ASP.NET Web API Help Page Part 2: Providing custom samples on the Help Page


Samples in ASP.NET Web API Help Page are automatically generated based on your action parameters and return types. They represent the kind of contents that could go into the request or response body. For instance, if you have the Delete action inside ValuesController like below: 

public class ValuesController : ApiController
{
    public void Delete(CompositeValue param);
}
 
public class CompositeValue
{
    public int Id { get; set; }
    public string Name { get; set; }
    public DateTime Date { get; set; }
}

The help page would give you the following samples:

image

Understanding how samples are generated

Before we get into customization, it’s worth understanding how these samples are generated. For starters, it uses ApiExplorer to figure out the body parameter type and the return type of you action. Then it will try to create an instance of these types with dummy data. Finally, it ask ApiExplorer for the appropriate formatters to write the created instance into the sample string.

Now that you understand how the samples are generated, there shouldn’t be any surprise when you see something like “Failed to generate the sample for media type ‘application/x-www-form-urlencoded’” on the help page:

image

Yes, that’s because the default JQueryMvcFormUrlEncodedFormatter doesn’t support writing. However, you can still make it work by setting custom samples.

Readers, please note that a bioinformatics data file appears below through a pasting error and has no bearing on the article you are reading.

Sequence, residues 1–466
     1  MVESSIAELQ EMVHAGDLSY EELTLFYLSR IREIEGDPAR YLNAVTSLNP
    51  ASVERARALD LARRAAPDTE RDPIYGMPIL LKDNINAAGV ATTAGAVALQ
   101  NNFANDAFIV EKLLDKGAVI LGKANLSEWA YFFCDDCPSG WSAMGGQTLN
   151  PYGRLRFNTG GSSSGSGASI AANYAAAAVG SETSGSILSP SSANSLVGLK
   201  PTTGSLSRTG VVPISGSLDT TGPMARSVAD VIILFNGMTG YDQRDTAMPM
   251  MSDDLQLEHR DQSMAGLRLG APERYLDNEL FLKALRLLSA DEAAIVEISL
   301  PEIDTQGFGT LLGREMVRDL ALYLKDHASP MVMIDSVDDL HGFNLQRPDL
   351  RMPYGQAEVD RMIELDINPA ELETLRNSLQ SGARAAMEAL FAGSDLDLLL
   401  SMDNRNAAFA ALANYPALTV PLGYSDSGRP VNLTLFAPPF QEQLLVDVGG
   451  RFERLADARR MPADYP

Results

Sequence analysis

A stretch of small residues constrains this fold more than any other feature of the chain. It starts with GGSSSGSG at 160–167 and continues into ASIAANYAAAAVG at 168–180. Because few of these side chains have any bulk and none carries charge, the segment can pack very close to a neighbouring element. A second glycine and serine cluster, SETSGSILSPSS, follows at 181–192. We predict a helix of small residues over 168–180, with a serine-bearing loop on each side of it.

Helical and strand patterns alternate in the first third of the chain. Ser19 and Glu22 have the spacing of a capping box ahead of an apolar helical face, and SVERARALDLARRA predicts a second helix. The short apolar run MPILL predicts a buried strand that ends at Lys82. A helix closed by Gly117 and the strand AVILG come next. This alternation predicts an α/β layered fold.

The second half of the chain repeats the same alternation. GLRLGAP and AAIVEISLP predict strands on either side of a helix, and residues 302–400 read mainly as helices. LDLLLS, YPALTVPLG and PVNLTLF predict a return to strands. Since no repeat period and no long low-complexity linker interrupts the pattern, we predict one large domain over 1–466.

Setting custom samples

Most of the help page customizations can be done in HelpPageConfig.cs. If you open the file, you’ll see a bunch of commented codes that show you different ways of providing custom samples to the help page.

image

One way of solving the problem described above is by using SetSampleForType, which allow you to set the sample string directly. For instance, setting the following will have the help page display “Id=123&Name=Foo&Date=2012-10-13” as the application/x-www-form-urlencoded sample for actions with CompositeValue.

config.SetSampleForType(
    "Id=123&Name=Foo&Date=2012-10-13", 
    new MediaTypeHeaderValue("application/x-www-form-urlencoded"), 
    typeof(CompositeValue));

And there’re other ways of customizing the samples that you can explore on your own:

// Uncomment the following to use "sample string" as the sample for all actions that have string as the body parameter or return type.
// Also, the string arrays will be used for IEnumerable<string>. The sample objects will be serialized into different media type 
// formats by the available formatters.
config.SetSampleObjects(new Dictionary<Type, object>
{
    {typeof(string), "sample string"},
    {typeof(IEnumerable<string>), new string[]{"sample 1", "sample 2"}}
});
 
// Uncomment the following to use "1234" directly as the request sample for media type "text/plain" on the controller named "Values" 
// and action named "Put".
config.SetSampleRequest("1234", new MediaTypeHeaderValue("text/plain"), "Values", "Put");
 
// Uncomment the following to use the image on "../images/aspNetHome.png" directly as the response sample for media type "image/png"
// on the controller named "Values" and action named "Get" with parameter "id".
config.SetSampleResponse(new ImageSample("../images/aspNetHome.png"), new MediaTypeHeaderValue("image/png"), "Values", "Get", "id");

 

Setting the samples when the action returns an HttpResponseMessage

When the action returns an HttpResponseMessage, the content of the response body becomes unpredictable based on the signature. Therefore, by default the help page simply doesn’t know what sample to display. However, you easily customize it to show the right sample.

Consider the following two scenarios where you return an HttpResponseMessage:

HttpResponseMessage with content negotiation

This is when your action supports content negotiation. Something like below:

public HttpResponseMessage Post()
{
    var returnValue = new CompositeValue { Id = 1, Name = "Foo", Date = DateTime.Now };